Breastfeeding is a precaution for YF vaccine administration. Two serious adverse events have been reported in exclusively breastfed infants whose mothers were vaccinated with YF vaccine. Further research is needed to document the risk for potential vaccine exposure through breastfeeding. Until more information is available, YF vaccine should be avoided in breastfeeding women. However, when travel of nursing mothers to a YF endemic area cannot be avoided or postponed, these women should be vaccinated (see "Vaccination of Women During Pregnancy and Breastfeeding" in the original guideline document).
YF vaccine is approved for use in persons aged ≥9 months. The vaccine is contraindicated for infants aged <6 months (see "Contraindications" for more information). Age 6–8 months and adults aged ≥60 years are precautions for YF vaccine administration (see "Precautions").
Limited data are available regarding the safety and immunogenicity of YF vaccine in pregnancy. Pregnancy is a precaution for YF vaccine administration (see "Vaccination of Women During Pregnancy and Breastfeeding" and "Precautions").
Although no data are available on the immune response in breastfeeding mothers, no alteration to the immune response in these women are suspected. Limited data are available regarding the safety of YF vaccine in breastfed infants. Breastfeeding is a precaution for YF vaccine administration (see "Vaccination of Women During Pregnancy and Breastfeeding" and "Precautions").
Altered Immune Status
The following conditions are a contraindication for YF vaccine administration: 1) thymus disorders associated with abnormal immune cell function, 2) symptomatic HIV infection or CD4+ T-lymphocyte values <200 per mm3 or <15% of total lymphocytes for children aged <6 years, 3) primary immunodeficiencies, 4) malignant neoplasms, 5) transplantation, 6) immune suppression or modulation attributable to current or recent radiation therapies or drugs. The following condition with altered immune status is a precaution for YF vaccine administration: asymptomatic HIV infection with CD4+ T-lymphocyte values 200–499 per mm3 or 15%–24% of total lymphocytes for children aged <6 years (see "Contraindications" and "Precautions").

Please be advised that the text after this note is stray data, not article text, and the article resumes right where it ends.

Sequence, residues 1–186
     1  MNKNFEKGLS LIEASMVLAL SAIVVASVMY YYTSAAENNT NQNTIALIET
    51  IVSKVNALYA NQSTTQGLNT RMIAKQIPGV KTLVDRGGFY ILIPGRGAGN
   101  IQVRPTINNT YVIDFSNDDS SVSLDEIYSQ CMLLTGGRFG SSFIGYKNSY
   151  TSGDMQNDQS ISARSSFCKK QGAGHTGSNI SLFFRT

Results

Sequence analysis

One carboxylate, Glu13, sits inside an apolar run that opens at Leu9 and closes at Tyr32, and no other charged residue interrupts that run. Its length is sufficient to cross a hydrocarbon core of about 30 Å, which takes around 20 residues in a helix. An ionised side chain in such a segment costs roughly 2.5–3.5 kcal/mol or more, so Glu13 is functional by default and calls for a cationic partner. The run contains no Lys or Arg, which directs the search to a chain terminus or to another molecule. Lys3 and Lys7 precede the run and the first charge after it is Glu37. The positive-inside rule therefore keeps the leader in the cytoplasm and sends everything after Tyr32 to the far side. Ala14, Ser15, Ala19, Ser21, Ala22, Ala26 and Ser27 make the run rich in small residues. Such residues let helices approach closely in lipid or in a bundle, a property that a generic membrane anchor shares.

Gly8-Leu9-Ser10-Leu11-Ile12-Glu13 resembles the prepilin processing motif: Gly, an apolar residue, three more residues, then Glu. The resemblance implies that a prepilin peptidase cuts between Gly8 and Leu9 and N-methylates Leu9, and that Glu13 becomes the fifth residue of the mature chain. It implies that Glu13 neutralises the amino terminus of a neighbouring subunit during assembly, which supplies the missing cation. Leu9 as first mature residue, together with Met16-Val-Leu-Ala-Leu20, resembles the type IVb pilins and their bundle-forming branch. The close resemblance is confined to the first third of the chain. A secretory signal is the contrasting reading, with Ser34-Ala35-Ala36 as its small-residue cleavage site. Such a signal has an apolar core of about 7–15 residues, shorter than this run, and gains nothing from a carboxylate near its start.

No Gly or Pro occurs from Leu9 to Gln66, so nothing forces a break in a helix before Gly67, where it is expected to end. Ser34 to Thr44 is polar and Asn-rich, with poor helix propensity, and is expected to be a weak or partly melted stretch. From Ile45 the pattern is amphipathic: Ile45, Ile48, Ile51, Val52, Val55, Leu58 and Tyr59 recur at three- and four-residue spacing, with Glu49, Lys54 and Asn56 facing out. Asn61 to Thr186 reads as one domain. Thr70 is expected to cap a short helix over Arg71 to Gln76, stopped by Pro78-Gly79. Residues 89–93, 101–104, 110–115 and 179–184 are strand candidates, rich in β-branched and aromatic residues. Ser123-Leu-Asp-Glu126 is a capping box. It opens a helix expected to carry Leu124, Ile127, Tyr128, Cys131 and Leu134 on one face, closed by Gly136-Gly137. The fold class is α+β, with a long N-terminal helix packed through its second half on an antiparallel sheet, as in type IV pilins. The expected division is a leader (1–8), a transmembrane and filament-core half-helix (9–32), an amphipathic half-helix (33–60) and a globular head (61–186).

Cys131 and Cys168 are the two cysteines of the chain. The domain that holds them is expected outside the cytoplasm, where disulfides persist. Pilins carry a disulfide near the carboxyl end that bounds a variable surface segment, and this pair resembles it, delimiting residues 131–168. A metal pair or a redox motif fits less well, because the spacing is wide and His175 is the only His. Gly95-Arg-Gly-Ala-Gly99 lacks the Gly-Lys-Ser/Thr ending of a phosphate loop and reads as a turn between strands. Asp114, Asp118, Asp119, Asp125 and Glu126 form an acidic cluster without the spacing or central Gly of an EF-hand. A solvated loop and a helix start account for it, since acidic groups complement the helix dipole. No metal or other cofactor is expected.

Complete details are not available regarding what medications the nine patients with reported YEL-AVD who had a history of autoimmune disease or diseases with potential autoimmune etiology were taking; these might have included immunosuppressive medications. Four of the nine patients were aged >60 years, including two who also had a history of thymectomy for thymoma (see "YEL-AVD" section in the original guideline document). Older age and history of thymoma are both risk factors for YEL-AVD. Nonetheless, the fact that nine (16%) of 57 persons with reported cases of YEL-AVD had a history of autoimmune disease is a concern and suggests that autoimmune disease, either by itself or in conjunction with other risk factors, including immunosuppressive medication, could increase the risk for YEL-AVD. Definitive data are lacking to guide decision-making about YF vaccination in these patients. Health-care providers should consider the possibility of diminished immune function resulting from the autoimmune disease state itself and/or the medication used in deciding whether or not to administer YF vaccine to these patients.
Reporting of Vaccine Adverse Events
Even if a causal relation to vaccination is not certain, all adverse events following receipt of vaccine that are thought to be clinically significant by health-care providers or vaccine recipients should be reported to VAERS at http://vaers.hhs.gov or by telephone at 1-800-822-7967. To promote better timeliness and quality of safety data, secure web-based reporting is available and health-care providers are encouraged to report electronically at http://vaers.hhs.gov/esub/index#Online .
Surveillance to monitor, characterize, and quantify YF vaccine-specific adverse outcomes are ongoing. Because current reporting mechanisms are strictly passive, detection of YEL-AVD and YEL-AND in recently vaccinated persons who experience new symptoms largely depends on health-care providers being familiar with these conditions and with reporting requirements. An education program regarding the vaccine and possible serious adverse events is being developed and will be made available to all health-care providers by fall 2010 through CDC's Travelers' Health website. State health departments are encouraged to incorporate requirements for completion of these programs into their certification and recertification processes for issuance of YF vaccination stamps to health-care providers.